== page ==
Whether your kids have moved out of the house, or you’ve just left a relationship, being single doesn’t have to mean lonely nights of greasy take-out or microwaved frozen meals. There is a way to support a tight budget, eat healthy, and not spend hours every night in front of the stove. Enter, your weekly meal plan. Follow these three steps for budgeting and planning your weekly meals:
The first step of budgeting your weekly meals is to allot an amount of money to groceries. Then, take inventory of your pantry, refrigerator, and freezer. Having a general idea of the contents of your kitchen will let you plan your grocery list. It will also give you an idea of the ingredients you use in most in your meals.
The next step of planning your weekly meals is to scan through the sales ads of your favorite grocery store. You can then plan your weekly meals based on the specials. You will save money, and you don’t have to worry about completely coming up with meals all the time. Try to only go to the grocery store once a week or every other week. By reducing your trips to the grocery store, you will find yourself avoiding impulsive purchases.
If you find that you’re hitting a wall when trying to come up with creative, healthy, cheap meals, look to smartphone recipe apps like the ones listed here, and recipe websites like RealSimple or Delish. With these websites and apps, you’ll never run out of meal ideas, and you can always know what you’re going to eat for the week before hunger strikes.
Before you head to the grocery store, always have a detailed list of items you need and the amount you need. Try not to stray from that grocery list so that you can stick to your budget. You could also ask your grocer about loyalty cards so you can reap the loyalty benefits.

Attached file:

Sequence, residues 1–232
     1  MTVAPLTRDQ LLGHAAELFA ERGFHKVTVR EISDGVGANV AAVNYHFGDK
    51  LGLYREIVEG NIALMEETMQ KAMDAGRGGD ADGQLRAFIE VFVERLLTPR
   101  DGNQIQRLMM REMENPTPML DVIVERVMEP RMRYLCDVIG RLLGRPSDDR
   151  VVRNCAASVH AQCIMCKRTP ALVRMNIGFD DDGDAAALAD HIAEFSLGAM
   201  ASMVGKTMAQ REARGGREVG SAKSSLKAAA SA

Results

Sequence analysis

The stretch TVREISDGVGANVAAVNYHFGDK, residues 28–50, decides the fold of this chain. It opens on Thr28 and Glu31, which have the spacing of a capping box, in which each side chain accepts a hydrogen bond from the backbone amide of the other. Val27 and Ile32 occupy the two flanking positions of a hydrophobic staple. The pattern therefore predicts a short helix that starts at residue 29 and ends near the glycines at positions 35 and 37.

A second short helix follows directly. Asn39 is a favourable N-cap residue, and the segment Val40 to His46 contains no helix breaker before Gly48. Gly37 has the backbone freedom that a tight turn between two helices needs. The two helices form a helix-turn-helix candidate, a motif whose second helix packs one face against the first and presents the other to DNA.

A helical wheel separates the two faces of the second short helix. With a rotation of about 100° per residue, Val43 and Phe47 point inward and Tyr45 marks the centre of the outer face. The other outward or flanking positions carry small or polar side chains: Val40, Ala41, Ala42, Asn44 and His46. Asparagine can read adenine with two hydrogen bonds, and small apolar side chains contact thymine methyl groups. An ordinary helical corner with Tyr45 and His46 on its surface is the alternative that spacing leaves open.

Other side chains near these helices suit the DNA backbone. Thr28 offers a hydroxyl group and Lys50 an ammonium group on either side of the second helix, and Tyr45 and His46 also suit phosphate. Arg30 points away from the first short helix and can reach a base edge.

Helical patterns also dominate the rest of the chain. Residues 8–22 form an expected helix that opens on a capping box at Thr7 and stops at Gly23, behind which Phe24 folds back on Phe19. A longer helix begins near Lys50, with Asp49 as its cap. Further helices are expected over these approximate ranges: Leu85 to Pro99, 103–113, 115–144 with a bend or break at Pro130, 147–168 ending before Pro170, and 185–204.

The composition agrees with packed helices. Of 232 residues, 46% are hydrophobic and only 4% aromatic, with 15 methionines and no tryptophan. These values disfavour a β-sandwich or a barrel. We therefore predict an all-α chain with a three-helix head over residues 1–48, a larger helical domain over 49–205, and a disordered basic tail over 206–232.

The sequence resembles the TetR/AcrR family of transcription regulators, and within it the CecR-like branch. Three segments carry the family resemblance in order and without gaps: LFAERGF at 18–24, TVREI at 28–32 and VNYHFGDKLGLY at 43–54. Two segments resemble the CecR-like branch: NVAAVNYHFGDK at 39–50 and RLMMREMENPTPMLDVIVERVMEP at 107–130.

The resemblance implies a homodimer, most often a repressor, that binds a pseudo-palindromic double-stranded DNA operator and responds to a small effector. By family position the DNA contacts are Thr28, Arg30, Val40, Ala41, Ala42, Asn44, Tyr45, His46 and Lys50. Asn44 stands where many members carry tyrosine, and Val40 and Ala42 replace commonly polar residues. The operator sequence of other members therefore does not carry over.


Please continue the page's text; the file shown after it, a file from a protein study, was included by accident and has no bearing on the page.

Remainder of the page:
The purchasing process might seem obvious, grab the groceries then pay for them, but there are some rules you should follow. First, only buy groceries when you’re not hungry and not rushed. This will keep you on your budget, and keep you from buying unhealthy food.
When you’re picking out food items, first compare generic store brands to other brands to see if they are cheaper. Then, compare unit prices so you’re getting the best deal not just the lowest shelf price listed. Choose fruits and vegetables that are in season to save money.
Some grocery items are low-cost and available all year like, garbanzo beans, black beans, cannellini beans, carrots, greens, potatoes, apples, and bananas. These are items you can purchase every grocery visit and will sustain a well-balanced diet. Seek out local produce stands to buy fruits and vegetables, because they are often cheaper than grocery stores.
Another budgeting tip is to avoid individually wrapped items like yogurt or other snacks, because they generally cost more.
The last step of finalizing your weekly meal plan is to prepare food so that you can make dinners quickly, after a long day of work. You can pre-cook on days you have extra time like on Saturdays or Sundays, and pre-chop fruits and veggies that you know you want to bring to lunch or snack on throughout the week. For your favorite recipes, double or triple-up on the amount of food you make, then freeze it. You can reheat the meal when you crave it, and you’ll feel good knowing exactly what went into that frozen meal.
If you are single, or moved into a new house, be sure you have home insurance in case of cooking accidents! For the budget savvy, compare rates first before you purchase a plan.
If you find yourself in the middle of the week with no pre-cooked meals, don’t opt for going out to eat, instead try no-cook meals like salads or sandwiches. If you have leftovers from the previous night, instead of just re-heating them, try to find a way to incorporate them into a different meal by adding another ingredient and more spices. Also, use those pre-chopped fruits and veggies in different ways, so you don’t burn yourself out by eating the same recipes.
The key to maintaining a healthy diet and a tight budget is to always plan. Plan your meals at the beginning of the week, plan your grocery list before you hit the store, and plan your grocery budget so you don’t make impulsive buys. Did you know there was a way to eat healthy on a tight budget?
Photo Credit: Mary Amanda Thompson